Doctors Lounge - Gastroenterology AnswersBack to Gastroenterology Answers List
If you think you may have a medical emergency, call your doctor or 911 immediately. Doctors Lounge (www.doctorslounge.com) does not recommend or endorse any specific tests, physicians, products, procedures, opinions, or other information that may be mentioned on the Site.
DISCLAIMER: The information provided on www.doctorslounge.com is designed to support, not replace, the relationship that exists between a patient/site visitor and his/her physician. Please read our 'Terms and Conditions of Use' carefully before using this site.
Date of last update: 10/15/2017.
Forum Name: Gastroenterology Topics
|aschulz90 - Fri Mar 21, 2008 6:45 pm||
I don't know if I have always had it but definitely since the start of my high school career, four years ago, I have had Raynaud's or discoloration of my outer extremities. (it is quite possible that it had gone unnoticed until then.) I recently spent some time on wikipedia and while I know wikipedia is far from the best source to gain information from it did have information which sparked my interest. According to the entry on Mesalizine, the drug can have the side effect of methemoglobinemia. One of the symptoms of methemoglobinemia (again my source is wikipedia) is Cyanosis which is very similar to Raynaud's. I also have tried to be athletic for the past for years by joining the crew team and swim team and working out on my own in general (Adderall is most likley responsible for my ability to follow through). I always assumed that my athletic performance was lower than my expectations because I wasn't working hard enough (or properly), is it possible that methemoglobinemia is also whats limiting my athletic performance? (FYI I have been taking the drug since I was 8 and am now 17)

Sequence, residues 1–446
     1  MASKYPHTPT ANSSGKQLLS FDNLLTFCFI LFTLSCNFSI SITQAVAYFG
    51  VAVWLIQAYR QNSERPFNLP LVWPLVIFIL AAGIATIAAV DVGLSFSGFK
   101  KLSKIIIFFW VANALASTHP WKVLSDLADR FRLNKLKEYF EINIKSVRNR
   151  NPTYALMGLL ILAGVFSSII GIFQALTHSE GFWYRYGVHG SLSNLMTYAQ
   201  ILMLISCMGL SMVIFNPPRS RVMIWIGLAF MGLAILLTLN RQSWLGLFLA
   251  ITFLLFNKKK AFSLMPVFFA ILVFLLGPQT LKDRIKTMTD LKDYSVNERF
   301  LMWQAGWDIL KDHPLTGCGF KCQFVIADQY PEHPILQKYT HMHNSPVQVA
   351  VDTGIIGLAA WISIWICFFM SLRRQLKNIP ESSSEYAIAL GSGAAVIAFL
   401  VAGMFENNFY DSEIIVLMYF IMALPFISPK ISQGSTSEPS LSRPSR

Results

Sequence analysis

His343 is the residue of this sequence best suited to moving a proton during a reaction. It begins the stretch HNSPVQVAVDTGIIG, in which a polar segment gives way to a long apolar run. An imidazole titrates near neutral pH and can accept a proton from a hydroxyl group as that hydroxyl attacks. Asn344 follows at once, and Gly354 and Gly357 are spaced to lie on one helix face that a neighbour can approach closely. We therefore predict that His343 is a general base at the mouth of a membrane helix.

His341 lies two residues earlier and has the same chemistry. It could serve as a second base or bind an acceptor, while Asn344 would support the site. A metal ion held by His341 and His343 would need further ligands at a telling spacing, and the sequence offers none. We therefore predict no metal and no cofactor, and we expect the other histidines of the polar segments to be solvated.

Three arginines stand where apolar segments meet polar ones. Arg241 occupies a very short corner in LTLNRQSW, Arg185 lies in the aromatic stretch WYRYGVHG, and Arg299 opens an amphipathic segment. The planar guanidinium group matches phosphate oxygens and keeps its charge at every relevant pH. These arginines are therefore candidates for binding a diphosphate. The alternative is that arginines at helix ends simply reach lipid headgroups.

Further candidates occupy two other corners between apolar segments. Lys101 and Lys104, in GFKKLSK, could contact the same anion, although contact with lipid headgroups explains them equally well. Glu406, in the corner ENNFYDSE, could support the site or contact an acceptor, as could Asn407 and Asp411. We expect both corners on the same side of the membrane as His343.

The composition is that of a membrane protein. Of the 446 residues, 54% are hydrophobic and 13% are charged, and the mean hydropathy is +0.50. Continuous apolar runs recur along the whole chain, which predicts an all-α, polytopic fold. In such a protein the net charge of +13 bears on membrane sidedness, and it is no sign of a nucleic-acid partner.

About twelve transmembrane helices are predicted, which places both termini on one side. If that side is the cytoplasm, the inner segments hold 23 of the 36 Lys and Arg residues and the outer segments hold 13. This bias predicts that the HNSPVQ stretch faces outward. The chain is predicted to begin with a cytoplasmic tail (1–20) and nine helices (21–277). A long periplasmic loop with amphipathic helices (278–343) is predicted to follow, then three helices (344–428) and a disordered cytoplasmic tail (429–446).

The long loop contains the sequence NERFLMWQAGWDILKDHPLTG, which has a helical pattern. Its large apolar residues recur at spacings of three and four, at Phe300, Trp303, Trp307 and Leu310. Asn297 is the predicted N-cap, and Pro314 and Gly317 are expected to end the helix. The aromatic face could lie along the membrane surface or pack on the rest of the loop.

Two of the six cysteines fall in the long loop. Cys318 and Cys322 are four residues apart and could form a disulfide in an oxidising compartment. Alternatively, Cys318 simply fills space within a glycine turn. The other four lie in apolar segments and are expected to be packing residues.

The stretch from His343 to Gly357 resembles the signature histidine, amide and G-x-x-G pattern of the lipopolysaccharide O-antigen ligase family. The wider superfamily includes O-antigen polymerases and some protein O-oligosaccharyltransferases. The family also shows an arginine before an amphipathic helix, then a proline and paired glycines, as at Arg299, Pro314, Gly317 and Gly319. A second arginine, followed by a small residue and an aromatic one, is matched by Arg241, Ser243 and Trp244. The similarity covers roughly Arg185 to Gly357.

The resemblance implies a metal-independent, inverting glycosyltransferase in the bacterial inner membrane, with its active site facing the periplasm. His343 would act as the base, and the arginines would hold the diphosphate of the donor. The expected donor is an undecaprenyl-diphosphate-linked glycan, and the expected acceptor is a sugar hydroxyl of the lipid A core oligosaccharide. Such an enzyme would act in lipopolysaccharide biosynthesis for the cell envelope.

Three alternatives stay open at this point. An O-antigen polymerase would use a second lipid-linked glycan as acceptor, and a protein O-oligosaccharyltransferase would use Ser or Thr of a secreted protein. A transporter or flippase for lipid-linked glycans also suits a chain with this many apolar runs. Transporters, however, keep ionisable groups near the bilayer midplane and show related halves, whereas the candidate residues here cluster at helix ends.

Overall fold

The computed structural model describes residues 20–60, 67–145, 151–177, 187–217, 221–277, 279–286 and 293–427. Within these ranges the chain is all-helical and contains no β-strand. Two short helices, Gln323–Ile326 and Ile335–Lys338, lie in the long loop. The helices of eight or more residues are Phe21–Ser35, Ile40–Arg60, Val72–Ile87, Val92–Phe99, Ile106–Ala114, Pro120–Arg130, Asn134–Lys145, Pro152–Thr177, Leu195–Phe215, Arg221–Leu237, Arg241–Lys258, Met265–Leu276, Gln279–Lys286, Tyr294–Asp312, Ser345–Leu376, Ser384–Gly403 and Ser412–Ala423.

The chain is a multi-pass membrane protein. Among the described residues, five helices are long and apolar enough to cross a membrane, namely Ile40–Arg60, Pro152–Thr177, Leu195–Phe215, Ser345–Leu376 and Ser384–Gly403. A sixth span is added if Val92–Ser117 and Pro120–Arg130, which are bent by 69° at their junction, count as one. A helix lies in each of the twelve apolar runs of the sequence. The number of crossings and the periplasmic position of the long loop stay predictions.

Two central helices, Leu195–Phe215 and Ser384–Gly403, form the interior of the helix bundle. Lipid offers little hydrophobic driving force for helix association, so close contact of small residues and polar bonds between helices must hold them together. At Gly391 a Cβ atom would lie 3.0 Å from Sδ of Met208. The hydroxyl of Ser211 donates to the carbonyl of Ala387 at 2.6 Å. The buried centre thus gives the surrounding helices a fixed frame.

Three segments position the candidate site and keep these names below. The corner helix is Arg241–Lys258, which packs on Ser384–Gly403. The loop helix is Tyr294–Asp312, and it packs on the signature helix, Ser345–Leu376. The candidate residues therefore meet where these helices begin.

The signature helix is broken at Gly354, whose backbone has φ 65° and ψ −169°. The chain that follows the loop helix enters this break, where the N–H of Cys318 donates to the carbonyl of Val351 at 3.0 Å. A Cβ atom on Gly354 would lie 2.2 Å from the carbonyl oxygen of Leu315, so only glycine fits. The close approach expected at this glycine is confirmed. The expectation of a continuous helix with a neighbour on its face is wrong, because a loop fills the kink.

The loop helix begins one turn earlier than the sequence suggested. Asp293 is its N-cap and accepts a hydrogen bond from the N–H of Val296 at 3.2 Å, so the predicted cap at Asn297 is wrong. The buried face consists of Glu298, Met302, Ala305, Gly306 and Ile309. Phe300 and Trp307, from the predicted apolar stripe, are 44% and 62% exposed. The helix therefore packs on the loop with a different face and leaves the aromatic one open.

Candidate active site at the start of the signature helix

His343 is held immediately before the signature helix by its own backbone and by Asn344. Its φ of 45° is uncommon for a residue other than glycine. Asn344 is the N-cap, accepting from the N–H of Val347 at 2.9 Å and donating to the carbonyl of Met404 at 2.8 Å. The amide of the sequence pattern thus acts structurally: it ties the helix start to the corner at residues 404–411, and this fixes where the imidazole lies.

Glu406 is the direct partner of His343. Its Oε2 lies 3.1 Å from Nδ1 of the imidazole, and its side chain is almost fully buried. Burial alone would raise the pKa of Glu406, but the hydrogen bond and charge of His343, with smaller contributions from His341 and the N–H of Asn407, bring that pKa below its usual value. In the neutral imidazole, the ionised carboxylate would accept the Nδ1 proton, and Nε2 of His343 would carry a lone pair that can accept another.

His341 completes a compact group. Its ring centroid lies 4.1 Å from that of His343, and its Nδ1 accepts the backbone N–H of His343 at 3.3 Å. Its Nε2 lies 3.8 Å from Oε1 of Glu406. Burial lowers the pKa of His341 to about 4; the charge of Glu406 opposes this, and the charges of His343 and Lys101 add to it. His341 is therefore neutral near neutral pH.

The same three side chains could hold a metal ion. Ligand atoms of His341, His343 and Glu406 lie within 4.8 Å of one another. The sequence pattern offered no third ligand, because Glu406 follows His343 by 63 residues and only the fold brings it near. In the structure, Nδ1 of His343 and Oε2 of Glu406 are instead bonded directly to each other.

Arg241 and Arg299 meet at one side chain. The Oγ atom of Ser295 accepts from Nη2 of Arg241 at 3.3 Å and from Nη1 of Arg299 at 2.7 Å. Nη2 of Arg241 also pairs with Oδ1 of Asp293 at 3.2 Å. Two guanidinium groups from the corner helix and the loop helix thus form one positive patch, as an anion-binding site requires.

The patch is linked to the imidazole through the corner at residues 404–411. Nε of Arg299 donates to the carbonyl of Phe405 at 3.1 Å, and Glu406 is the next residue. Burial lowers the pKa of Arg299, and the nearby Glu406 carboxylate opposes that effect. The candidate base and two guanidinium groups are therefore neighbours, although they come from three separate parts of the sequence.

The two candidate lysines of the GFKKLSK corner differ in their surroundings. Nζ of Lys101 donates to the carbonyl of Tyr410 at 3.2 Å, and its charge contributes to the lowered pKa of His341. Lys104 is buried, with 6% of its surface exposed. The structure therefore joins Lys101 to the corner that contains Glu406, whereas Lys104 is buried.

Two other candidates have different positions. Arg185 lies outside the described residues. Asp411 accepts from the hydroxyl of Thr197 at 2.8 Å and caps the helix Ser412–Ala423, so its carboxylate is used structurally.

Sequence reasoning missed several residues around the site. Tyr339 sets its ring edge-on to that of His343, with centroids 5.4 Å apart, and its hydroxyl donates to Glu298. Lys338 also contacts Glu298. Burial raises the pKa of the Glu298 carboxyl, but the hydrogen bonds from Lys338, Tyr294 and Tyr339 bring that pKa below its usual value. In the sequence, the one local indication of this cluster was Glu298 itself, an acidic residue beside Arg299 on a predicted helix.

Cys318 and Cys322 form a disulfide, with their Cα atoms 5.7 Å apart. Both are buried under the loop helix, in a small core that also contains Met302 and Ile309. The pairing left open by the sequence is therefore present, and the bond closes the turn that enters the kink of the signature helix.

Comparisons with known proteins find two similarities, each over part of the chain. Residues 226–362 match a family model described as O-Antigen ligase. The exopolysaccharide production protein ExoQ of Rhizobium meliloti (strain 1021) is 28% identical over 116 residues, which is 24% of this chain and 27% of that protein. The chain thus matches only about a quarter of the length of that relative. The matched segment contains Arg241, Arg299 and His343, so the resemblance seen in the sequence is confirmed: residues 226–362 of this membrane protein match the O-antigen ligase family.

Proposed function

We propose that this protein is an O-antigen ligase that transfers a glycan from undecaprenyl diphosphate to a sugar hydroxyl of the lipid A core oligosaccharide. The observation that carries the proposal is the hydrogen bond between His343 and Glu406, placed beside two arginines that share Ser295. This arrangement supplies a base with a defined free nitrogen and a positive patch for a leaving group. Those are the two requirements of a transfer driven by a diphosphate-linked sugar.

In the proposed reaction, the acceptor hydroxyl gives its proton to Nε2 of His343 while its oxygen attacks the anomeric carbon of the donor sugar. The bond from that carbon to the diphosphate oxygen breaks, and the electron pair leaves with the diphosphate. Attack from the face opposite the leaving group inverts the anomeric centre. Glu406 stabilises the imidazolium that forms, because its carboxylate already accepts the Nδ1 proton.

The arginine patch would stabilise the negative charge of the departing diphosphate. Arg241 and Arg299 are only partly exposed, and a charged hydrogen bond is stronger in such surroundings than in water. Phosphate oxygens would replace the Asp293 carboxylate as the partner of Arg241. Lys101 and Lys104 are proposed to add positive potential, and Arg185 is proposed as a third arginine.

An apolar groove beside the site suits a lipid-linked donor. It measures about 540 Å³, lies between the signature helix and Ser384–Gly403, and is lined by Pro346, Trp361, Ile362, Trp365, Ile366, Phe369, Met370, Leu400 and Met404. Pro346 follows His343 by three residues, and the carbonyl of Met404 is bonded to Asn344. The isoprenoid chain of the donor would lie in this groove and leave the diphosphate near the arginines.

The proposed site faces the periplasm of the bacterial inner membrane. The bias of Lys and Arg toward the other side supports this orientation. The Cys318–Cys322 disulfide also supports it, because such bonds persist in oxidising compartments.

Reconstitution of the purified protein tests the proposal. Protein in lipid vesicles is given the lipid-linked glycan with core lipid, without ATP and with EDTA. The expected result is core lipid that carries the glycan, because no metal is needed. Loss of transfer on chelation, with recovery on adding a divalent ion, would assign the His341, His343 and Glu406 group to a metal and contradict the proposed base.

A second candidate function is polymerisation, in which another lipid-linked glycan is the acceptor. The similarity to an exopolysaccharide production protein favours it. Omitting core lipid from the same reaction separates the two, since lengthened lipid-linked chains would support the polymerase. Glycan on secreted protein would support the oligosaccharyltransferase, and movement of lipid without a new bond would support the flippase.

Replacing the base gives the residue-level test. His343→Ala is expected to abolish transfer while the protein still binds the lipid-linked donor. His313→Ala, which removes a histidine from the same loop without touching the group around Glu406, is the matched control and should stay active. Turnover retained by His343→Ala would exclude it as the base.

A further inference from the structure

I hate the idea that I have written an entry long enough to justify an overview but I thought it might save some time for some who don't need the whole story:
- Is Mesalazine responsible for the discoloration in my hands and feet (sometimes further up the arms and legs too)?
- Could it also be responsible for reduced athletic performance?
- My hands and feet are short, I know that this is most likley just the way I am but having short feet and hands which are red and purple can often attract unwanted attention. Hypothetically if the methemoglobinemia was a side effect that I was experiencing could my hands and feet not grown to their full potential?
Thanks SO much to anyone who spends their time reading this ridiculously long "question." If you do respond you deserve a massive cookie and if your answer leads to me having normal looking hands I will make you cookie and mail you a $20. Thanks again.
|Debbie Miller, RN - Sun Mar 30, 2008 1:26 pm||
First let me say that I appreciate your willingness to pay for this service but this website is free so you not send money.
The most common form of Raynaud's disease is not associated with an underlying disorder but the less common Raynaud's syndrome may have something else at the root. I would not expect this kind of response to either of your medications. Some drugs, have been implicated but not proven to cause Raynaud's such as beta blockers (used for high blood pressure); migraine medications that contain ergotamine, estrogen-containg medications, some chemotherapy medications, and drugs that cause vasoconstriction, as with some cold medications.
There are other possible causes of secondary Raynaud's including scleroderma, smoking, lupus, arthritis, sjogren's, trauma, chemical exposure or thyroid disorders. This is most commonly associated with people over the age of 40.
As for the growth of your hands and feet - assuming this is not just your genetic makeup - you may discuss with an endocrinology the use of human growth hormone to see if you are a candidate. This is an expensive procedure requiring regular injections and it is not without side effects so it is only used under the careful guidance of a qualified physician. It would not hurt to have an evaluation at least.
|| Check a doctor's response to similar questions|
Are you a Doctor, Pharmacist, PA or a Nurse?
Join the Doctors Lounge online medical community
Editorial activities: Publish, peer review, edit online articles.
Ask a Doctor Teams: Respond to patient questions and discuss challenging presentations with other members.